By Lynn Wybiral | April 29, 2019
Ahhhh… spring! Trees are budding, flowers are blooming, robins have returned from their winter homes. And across college campuses, thoughts are turning towards commencement. Saturday, May 4, 2019 will mark the 82nd Annual Commencement Ceremony for Marian University, a day filled with excited graduates donned in caps and gowns.
But why a cap and gown?
In a 2017 article published by Time, Olivia B. Waxman writes, “The answer can be traced back to the origins of the first European universities, which were founded by clergy in the 12th and 13th centuries. The gowns and hoods (often brown or black in color) worn by students signified their religious status, marking their difference from the laypeople of the town in which they studied.”
“With few exceptions, the medieval scholar had taken minor religious orders, made certain vows,” according to the Massachusetts Institute of Technology’s primer on academic garb. The hoods served to keep the scholars’ shaved heads warm. At one point, the hood is said to have been just an alms bag slung around their necks. The gowns were also thought to be necessary to keep graduates warm in unheated buildings.”
So the tradition of donning a cap and gown at graduation continues. And for two students who have earned their degrees through Marian’s Adult Programs (MAP), wearing a cap and gown at this year’s commencement holds special meaning.
Letha Hurt, Class of 2019
Letha Hurt will “walk” this May having earned her Bachelor of Business Administration (BBA). Letha reflects back on how she had considered going to college after high school, but instead, went to work and married. Life was good, but she soon realized something was missing. She also knew that having a busy life was just an excuse. Fear… the fear of the unknown, the fear of not being good enough to go to college was holding her back. Then one day, she simply made her decision and called the MAP office.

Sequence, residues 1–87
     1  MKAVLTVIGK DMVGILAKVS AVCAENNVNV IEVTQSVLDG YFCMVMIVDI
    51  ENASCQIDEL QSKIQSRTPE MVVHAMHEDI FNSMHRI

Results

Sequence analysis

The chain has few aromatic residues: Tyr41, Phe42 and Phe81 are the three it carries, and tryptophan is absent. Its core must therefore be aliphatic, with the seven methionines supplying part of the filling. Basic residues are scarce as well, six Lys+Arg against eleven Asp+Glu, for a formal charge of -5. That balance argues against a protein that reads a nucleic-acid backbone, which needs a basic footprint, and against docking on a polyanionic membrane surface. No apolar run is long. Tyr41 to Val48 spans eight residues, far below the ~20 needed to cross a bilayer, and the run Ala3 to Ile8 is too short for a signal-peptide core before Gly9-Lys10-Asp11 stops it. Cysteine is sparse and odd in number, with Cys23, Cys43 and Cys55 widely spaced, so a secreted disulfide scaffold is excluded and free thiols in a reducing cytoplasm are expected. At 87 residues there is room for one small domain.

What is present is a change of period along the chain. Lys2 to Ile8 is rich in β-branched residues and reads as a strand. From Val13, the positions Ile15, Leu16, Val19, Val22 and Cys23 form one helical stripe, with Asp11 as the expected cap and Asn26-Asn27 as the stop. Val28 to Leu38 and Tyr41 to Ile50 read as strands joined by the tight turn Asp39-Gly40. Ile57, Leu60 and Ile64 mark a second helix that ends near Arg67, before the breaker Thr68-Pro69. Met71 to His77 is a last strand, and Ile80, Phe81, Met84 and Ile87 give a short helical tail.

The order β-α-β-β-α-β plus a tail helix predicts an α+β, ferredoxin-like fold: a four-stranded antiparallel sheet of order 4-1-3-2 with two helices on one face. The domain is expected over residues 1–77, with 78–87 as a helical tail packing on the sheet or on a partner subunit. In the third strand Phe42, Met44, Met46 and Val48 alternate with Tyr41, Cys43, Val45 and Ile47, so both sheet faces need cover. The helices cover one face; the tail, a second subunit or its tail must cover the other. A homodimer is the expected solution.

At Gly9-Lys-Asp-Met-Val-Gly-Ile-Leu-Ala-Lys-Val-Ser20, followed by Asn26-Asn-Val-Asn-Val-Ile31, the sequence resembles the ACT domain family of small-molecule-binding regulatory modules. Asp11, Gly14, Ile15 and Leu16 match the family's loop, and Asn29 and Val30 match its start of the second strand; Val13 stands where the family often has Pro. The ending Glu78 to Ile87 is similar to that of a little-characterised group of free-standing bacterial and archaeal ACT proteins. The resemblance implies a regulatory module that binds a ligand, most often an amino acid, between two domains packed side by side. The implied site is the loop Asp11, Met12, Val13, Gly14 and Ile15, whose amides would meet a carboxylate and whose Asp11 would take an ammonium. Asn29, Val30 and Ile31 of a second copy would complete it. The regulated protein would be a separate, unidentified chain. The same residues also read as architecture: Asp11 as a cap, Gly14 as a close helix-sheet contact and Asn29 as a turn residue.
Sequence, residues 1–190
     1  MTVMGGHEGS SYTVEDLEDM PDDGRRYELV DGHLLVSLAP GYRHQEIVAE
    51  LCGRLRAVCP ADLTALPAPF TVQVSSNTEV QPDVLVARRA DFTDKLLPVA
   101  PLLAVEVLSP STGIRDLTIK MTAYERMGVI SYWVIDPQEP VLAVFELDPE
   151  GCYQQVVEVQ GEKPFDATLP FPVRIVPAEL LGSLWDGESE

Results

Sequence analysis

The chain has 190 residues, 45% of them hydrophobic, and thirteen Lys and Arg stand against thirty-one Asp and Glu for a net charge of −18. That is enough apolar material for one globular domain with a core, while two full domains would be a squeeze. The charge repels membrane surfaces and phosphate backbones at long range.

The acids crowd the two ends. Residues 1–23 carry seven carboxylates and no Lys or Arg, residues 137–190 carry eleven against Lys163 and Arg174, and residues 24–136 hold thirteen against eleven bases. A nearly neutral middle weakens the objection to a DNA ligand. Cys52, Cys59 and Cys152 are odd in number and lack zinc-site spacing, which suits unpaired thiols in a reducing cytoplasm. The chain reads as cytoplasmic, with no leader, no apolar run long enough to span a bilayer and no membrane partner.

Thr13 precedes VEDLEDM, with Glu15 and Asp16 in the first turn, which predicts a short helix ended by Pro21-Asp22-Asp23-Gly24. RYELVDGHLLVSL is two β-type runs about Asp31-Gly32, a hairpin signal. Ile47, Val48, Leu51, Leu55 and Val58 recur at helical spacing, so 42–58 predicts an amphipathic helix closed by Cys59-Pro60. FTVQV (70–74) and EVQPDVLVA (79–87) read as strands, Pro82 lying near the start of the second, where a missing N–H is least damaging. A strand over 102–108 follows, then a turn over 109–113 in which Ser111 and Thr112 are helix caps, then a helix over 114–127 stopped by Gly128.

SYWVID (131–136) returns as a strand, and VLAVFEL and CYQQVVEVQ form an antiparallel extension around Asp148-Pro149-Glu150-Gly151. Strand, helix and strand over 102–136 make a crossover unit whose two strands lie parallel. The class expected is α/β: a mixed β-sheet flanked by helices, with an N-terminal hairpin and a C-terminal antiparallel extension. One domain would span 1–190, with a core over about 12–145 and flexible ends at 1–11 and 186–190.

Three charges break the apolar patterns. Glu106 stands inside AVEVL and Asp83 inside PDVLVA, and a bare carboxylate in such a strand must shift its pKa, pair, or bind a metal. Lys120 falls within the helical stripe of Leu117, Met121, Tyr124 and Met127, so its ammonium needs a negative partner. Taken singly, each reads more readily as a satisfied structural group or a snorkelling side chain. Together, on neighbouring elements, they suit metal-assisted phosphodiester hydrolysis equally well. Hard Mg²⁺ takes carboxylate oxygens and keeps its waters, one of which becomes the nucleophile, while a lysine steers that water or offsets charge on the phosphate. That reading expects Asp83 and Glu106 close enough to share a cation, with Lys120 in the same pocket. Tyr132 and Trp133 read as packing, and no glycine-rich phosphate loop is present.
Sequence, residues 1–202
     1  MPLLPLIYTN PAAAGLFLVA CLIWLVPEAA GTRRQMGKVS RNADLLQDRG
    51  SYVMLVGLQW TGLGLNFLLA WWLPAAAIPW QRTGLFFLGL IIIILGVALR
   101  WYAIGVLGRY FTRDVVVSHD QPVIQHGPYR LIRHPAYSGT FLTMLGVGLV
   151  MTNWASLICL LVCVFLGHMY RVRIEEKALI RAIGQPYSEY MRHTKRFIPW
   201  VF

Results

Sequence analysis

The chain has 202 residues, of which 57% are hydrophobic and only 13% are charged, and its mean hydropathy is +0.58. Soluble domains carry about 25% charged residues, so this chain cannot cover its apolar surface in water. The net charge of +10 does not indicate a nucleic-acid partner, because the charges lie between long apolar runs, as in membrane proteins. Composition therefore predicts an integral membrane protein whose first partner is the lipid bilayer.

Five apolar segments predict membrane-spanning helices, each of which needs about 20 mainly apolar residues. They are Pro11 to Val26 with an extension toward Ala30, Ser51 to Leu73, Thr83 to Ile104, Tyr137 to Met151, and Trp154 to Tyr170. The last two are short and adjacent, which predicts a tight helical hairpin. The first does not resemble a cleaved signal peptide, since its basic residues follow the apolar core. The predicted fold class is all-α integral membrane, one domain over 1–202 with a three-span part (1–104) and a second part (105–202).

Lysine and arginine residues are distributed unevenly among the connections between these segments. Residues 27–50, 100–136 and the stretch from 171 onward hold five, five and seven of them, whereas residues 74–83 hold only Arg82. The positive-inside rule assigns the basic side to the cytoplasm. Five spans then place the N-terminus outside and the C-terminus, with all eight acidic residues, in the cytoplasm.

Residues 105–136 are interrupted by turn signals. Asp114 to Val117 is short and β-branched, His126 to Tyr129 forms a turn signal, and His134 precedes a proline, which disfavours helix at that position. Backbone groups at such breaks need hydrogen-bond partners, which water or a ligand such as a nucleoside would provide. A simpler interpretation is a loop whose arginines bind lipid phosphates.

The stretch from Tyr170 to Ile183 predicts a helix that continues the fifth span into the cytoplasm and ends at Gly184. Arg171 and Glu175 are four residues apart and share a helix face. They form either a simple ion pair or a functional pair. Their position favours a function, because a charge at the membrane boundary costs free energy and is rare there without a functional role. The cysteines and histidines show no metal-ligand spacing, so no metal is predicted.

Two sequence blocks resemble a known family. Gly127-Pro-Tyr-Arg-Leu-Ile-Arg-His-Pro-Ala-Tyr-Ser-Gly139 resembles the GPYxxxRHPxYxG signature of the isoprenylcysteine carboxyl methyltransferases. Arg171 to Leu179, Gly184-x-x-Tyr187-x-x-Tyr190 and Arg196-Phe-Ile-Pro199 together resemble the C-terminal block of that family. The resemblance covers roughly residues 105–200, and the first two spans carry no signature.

One year ago, Letha also participated in commencement having earned her Associate of Business Administration (ABA) degree. She describes that day as one of her “most proud and memorable moments.”
Eddie Huffman, Class of 2019
For first-generation college graduate, Eddie Huffman, his educational journey has not been an easy one. He overcame several personal challenges along the way. So the semester he earned a 4.00 GPA and was named to the Dean’s List, he was overwhelmed with joy, which in his mind, confirmed that, “no matter what, you can do anything you put your mind to and do it well!”
Earning his ABA with a concentration in human resources management played a significant role in his recent promotion to human resources payroll coordinator. Eddie plans to continue on to earn his Bachelor of Business Administration, as well. He believes attaining his BBA will only improve future advancement opportunities and enhance long-term career goals.
Eddie’s advice for others: “Remember, you are important. Your hopes, dreams, ambitions, and aspirations in life are important. The road isn’t paved in gold and there will be roadblocks in your way, but you will overcome them.”
Commencement celebrates personal, educational, and professional victories attained through years of hard work and dedication. To Letha, Eddie, and all of our 2019 graduates, we say: Congratulations and well done!